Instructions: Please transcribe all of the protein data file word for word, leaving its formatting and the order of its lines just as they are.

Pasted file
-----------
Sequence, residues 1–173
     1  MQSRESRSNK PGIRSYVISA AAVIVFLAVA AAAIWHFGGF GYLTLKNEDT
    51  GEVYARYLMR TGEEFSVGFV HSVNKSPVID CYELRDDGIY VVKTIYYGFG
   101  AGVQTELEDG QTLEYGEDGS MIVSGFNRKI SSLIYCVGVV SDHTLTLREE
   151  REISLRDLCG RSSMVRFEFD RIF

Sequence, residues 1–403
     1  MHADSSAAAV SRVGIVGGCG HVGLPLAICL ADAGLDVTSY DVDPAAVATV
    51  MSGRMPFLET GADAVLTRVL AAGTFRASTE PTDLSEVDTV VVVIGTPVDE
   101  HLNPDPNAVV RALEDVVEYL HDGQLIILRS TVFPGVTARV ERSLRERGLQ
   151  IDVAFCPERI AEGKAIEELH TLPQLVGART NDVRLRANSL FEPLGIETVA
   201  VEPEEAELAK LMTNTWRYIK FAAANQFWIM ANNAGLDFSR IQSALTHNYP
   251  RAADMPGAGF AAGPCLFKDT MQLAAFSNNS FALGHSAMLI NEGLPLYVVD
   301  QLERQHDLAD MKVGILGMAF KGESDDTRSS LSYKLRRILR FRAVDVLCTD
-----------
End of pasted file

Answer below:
Sequence, residues 1–173
     1  MQSRESRSNK PGIRSYVISA AAVIVFLAVA AAAIWHFGGF GYLTLKNEDT
    51  GEVYARYLMR TGEEFSVGFV HSVNKSPVID CYELRDDGIY VVKTIYYGFG
   101  AGVQTELEDG QTLEYGEDGS MIVSGFNRKI SSLIYCVGVV SDHTLTLREE
   151  REISLRDLCG RSSMVRFEFD RIF

Sequence, residues 1–403
     1  MHADSSAAAV SRVGIVGGCG HVGLPLAICL ADAGLDVTSY DVDPAAVATV
    51  MSGRMPFLET GADAVLTRVL AAGTFRASTE PTDLSEVDTV VVVIGTPVDE
   101  HLNPDPNAVV RALEDVVEYL HDGQLIILRS TVFPGVTARV ERSLRERGLQ
   151  IDVAFCPERI AEGKAIEELH TLPQLVGART NDVRLRANSL FEPLGIETVA
   201  VEPEEAELAK LMTNTWRYIK FAAANQFWIM ANNAGLDFSR IQSALTHNYP
   251  RAADMPGAGF AAGPCLFKDT MQLAAFSNNS FALGHSAMLI NEGLPLYVVD
   301  QLERQHDLAD MKVGILGMAF KGESDDTRSS LSYKLRRILR FRAVDVLCTD